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April 8, 2008


MSN profiles the Glastonbury music festival.

With reports that tickets are still available more than 24 hours after going on sale (they sold out within hours in previous years) and unconfirmed rumours that headliner Jay-Z is pulling out in protest at the mixed reaction to his announcement, could the British public's love affair with Glastonbury be on the wane?

The Chicago Tribune examines the positive effects of music festivals on the music industry.

The Orange Prize has announced its 2008 shortlist:

The Monsters of Templeton by Lauren Groff
Inglorious by Joanna Kavenna
The Voluptuous Delights of Peanut Butter and Jam by Lauren Liebenberg

see also: Lauren Groff's Largehearted Boy Book Notes essay for The Monsters of Templeton

Cokie Roberts talks to NPR's Morning Edition about her new book, Ladies of Liberty: The Women Who Shaped Our Country.

In her book, Roberts dispels the myth that "first ladies just sat around tending to their tea and tatting" until Eleanor Roosevelt took up residence in the White House. Abigail Adams, for instance, lobbied fiercely for the Alien and Sedition Acts because "she thought that the press was just too terrible to her husband." The four bills, passed in 1798, limited criticism of the government and tightened restrictions on foreign-born residents.

NPR's Bryant Park Project features in-studio video performances by the Dodos.

AfterEllen's Browne's Blog lists the best and worst album titles.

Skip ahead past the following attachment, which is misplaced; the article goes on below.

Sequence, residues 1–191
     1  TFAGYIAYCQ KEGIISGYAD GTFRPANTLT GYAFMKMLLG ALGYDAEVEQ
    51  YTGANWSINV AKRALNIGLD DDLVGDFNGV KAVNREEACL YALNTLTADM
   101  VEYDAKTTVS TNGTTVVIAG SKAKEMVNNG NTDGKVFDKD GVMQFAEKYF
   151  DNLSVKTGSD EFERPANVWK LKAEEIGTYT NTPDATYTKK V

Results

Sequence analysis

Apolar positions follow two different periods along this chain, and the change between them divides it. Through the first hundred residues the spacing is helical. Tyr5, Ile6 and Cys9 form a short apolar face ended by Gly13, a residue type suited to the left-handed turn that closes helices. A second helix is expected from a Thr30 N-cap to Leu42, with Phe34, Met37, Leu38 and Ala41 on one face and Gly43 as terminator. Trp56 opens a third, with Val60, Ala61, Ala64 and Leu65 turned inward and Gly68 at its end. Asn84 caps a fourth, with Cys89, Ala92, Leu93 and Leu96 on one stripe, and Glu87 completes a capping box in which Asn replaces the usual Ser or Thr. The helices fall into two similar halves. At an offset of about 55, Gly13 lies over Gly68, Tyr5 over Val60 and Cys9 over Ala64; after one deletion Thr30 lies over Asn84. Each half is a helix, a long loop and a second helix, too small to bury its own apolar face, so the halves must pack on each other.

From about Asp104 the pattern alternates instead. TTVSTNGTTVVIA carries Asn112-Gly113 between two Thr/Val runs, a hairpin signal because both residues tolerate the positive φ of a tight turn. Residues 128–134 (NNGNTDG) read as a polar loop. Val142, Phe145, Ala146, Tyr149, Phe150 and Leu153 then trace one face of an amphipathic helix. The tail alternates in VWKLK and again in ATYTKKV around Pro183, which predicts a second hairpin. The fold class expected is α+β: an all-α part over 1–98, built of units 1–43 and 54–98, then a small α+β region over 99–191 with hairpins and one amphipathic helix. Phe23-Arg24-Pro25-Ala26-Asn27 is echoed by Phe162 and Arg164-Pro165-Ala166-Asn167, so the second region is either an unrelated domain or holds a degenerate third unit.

The 2008 Pulitzer Prize winners have been announced.

The Catbirdseat finds that "hands" has replaced "wolf" as the predominant "band name constructor term" for indie bands. is online, and streaming the Pixies documentary LoudQUIETLoud for a week.

Celebrate National Poetry Month with Salon's poetry audio archive.

Bookslut's April issue is online, complete with interviews of author David Gessner and poet Galway Kinnell.

Minnesota Public Radio's The Current features Mark Everett of Eels with an in-studio performance and interviews.

NPR's All Things Considered examines Philip Roth's classic novel Portnoy's Complaint as the book turns 40 this year,

Nearly 40 years ago, a character burst onto the public stage unlike any the American public had seen before. He was smart and funny and over-the-top neurotic. His name was Alexander Portnoy, a creation of the writer Philip Roth.

The Futurist recaps the WOXY Lounge Acts performance by Chocolate Horses.

also at Largehearted Boy:

2007 online music lists
Daily Downloads
Try It Before You Buy It (mp3s and full album streams from this week's CD releases)
this week's CD releases


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